There was a kind of boredom that happened during the pandemic shutdown in 2020 that we may never feel again. It felt like you couldn’t go anywhere or do anything that didn’t involve puttering around your home like a 70-year-old. Knitting was suddenly hot. Home improvement projects abounded. Gardening was suddenly something a lot of us began to dig as a new hobby. We became more comfortable with puns.
Apple will hold this year’s highly anticipated spring product event on April 20, 1 p.m. ET, entirely online. As anticipated as spring blooms themselves, this year’s event promises to be one of Apple’s richest in terms of product strategy and device number.
Among the categories on the table are:
The surest bet is tablets. Most people expect Apple to update its iPad Pro line, which last saw a major update in March 2020 that added trackpad support, LiDAR, and the peppy A12Z Bionic CPU.
Roku just released a bunch of products and, I promise, I’m going to get to them but what I really want to talk about is remotes.
Our relationships with our television and streaming boxes are defined not so much by the interfaces, content, or even the big screens but by the remote controls. Our eyes see, but it’s our hands that touch these small pieces of plastic, metal, glass, and rubberized buttons. That tactile relationship isn’t fleeting. Raise your hand if you binge with the remote in or near your hand (how else can you go back 30 seconds to…
Over the last year of working from home through the pandemic, there’s been one constant: The house is eternally messy, and we’re eternally cleaning it. Because we’re home with our two pets all the time, if we aren’t vacuuming and mopping daily, our hard floors get dirty quickly.
True wireless earbuds have come a long way in a short amount of time. As someone who loudly rejected the mobile phone trend of jettisoning the 3.5mm headphone jack, I’ve come to appreciate and in many ways prefer Bluetooth wireless earbuds like the Jabra Elite 75t when comfort and all around performance are my top priorities. Some wireless earphones like the Sennheiser True Wireless 2 even satisfy perhaps the most important metric to an audiophile, sound fidelity. …
Hands up: I have a headphone addiction.
I’m lucky (or perhaps unfortunate, given my condition) that I get sent lots of free pairs of headphones to review for my YouTube channel. This has given me an appreciation for a wide range of consumer cans.
Whether you’re really into the quality of sound or just want a decent pair of over-the-ears that block out the world around you, there are some truly superb options out there: from the ludicrously priced yet buttery-smooth AirPods Max to Sony’s incredible WH-1000xm4. We’re living in possibly the most exciting headphone era ever.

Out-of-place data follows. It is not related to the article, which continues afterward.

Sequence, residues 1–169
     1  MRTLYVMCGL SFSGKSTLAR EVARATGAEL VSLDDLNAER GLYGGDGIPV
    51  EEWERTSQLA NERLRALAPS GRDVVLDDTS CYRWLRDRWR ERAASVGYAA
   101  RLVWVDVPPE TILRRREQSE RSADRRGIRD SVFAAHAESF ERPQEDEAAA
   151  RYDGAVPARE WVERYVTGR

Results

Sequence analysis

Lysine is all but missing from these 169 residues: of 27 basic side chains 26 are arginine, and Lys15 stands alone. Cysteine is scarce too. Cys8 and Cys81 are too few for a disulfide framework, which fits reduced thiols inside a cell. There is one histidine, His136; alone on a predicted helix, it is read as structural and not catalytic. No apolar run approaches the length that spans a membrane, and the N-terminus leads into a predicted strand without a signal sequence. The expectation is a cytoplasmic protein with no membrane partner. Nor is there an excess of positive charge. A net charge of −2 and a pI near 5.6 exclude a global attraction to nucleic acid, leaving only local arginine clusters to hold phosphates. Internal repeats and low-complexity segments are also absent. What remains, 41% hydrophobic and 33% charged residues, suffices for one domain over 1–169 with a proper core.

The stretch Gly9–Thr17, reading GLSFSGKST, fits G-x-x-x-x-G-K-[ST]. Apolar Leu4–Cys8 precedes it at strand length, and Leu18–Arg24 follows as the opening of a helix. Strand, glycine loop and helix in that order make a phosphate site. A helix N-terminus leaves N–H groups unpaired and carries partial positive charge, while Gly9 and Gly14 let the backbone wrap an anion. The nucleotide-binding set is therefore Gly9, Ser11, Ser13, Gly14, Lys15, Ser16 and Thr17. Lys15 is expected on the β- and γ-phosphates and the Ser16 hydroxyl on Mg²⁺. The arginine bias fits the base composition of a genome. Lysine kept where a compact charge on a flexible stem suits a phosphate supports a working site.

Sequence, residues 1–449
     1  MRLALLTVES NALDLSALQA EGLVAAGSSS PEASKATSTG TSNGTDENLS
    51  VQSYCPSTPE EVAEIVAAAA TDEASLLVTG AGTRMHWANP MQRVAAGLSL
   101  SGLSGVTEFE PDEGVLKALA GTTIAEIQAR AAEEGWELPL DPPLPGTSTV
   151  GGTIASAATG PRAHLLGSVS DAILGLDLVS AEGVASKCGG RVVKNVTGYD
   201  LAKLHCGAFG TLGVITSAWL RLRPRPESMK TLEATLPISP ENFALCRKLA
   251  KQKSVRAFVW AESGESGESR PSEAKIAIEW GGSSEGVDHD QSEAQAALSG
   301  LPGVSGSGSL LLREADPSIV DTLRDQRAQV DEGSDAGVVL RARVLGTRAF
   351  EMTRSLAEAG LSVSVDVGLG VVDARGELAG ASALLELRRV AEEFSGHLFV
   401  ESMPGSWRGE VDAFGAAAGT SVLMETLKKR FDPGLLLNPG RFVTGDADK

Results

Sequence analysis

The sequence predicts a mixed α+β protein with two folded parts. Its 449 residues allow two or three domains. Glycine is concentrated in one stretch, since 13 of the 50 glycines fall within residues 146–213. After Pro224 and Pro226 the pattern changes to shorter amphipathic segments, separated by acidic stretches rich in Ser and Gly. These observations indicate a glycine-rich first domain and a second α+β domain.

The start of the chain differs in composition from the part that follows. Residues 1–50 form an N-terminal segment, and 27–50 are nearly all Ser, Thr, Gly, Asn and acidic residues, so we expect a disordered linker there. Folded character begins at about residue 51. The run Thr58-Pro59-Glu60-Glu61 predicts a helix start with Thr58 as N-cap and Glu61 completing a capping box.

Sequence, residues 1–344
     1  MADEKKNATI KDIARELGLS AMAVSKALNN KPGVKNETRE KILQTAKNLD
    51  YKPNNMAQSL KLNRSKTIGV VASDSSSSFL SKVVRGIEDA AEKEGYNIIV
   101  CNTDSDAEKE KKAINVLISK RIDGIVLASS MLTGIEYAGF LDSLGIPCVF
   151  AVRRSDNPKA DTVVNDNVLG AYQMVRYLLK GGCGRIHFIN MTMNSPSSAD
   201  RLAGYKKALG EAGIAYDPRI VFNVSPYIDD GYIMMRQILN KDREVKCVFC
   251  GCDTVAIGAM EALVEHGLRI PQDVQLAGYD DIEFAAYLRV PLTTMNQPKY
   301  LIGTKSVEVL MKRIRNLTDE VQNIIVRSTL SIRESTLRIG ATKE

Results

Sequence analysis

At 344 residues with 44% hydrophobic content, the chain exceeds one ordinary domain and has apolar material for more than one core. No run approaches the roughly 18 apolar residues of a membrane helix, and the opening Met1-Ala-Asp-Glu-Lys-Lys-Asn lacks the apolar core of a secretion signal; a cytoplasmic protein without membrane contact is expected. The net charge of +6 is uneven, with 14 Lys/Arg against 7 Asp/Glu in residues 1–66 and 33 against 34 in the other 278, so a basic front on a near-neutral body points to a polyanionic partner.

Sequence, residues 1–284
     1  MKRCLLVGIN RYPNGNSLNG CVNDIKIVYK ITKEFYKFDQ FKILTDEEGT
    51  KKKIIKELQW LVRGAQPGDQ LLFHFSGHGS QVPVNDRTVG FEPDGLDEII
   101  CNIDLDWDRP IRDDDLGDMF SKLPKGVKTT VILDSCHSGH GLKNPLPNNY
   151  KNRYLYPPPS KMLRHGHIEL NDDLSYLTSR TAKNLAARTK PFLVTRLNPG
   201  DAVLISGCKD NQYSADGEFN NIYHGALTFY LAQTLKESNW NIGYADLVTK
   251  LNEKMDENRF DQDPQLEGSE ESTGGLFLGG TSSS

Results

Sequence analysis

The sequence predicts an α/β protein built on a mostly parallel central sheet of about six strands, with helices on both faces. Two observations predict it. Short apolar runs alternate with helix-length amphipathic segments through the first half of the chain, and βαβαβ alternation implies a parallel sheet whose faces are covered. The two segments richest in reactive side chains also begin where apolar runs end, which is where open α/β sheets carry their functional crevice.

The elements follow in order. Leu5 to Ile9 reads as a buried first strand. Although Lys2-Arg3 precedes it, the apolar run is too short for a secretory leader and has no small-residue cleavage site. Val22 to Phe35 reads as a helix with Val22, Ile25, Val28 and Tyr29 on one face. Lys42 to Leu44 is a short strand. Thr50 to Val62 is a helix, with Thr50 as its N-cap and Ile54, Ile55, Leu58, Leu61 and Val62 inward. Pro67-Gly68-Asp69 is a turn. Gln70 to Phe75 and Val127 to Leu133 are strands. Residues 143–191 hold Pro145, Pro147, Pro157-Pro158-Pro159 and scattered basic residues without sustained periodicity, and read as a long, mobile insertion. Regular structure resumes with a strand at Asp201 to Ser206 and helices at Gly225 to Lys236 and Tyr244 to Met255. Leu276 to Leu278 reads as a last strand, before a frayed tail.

But I’ve always…
There was a time when the aesthetics of listening to music on a computer could be bulbous, metallic, even downright alien. Sometimes the software glowed like a sinister stereo from an alternate, more advanced reality. Or it could look gaudy, garish, amateurish in its design. There were always hidden panels, visualizers lurking, more sliders than you’d ever need. If you wanted, you could coax music out of a green man’s bald head.
It seemed to make sense at the time.
This was the era of Winamp and MusicMatch Jukebox, a time in the late ’90s and early 2000s when streaming…
I attribute the majority of my professional success to studying music. Even though I ended up not pursuing the arts professionally, learning an instrument taught me rigor, failure, and the power of deliberate practice. It’s a sentiment echoed by many who intensely pursued a sport or extracurricular activity that required mastery and dedication.
As a French horn player, I started fairly late, at 11 years old. To be successful on an orchestral string instrument, you usually need to start way earlier, which is why violins exist in quarter-size, half-size, and ¾-size models. …
Imagine the cheapest possible smartphone you can buy that’s brand new. Given that low barrier, what would you be able to do with it? Would the experience be frustrating or simply average? Would you gain some benefits with that minimalist sheen that you might not find otherwise?
I found myself pondering these questions around the Teracube 2e, a device promoted on Indiegogo as a sustainable, repairable device. When I found it, the lowest available price on Indiegogo was $99; currently, the suggested price is $200. At either price, the Teracube 2e is cheap enough to be considered a commodity.
When we got our dog, Kaya, last year, I was ready for life with a puppy. I’d read the books and watched endless training videos. What I wasn’t prepared for was the endless assault of companies trying to sell me a million kinds of dog things.
From smart dog cameras with lasers to automated fetch toys, device makers have come up with a slew of gadgets for pet owners to splurge on — even though a stash of dumb toys would do the job just fine, as we’ve recently argued on Debugger. …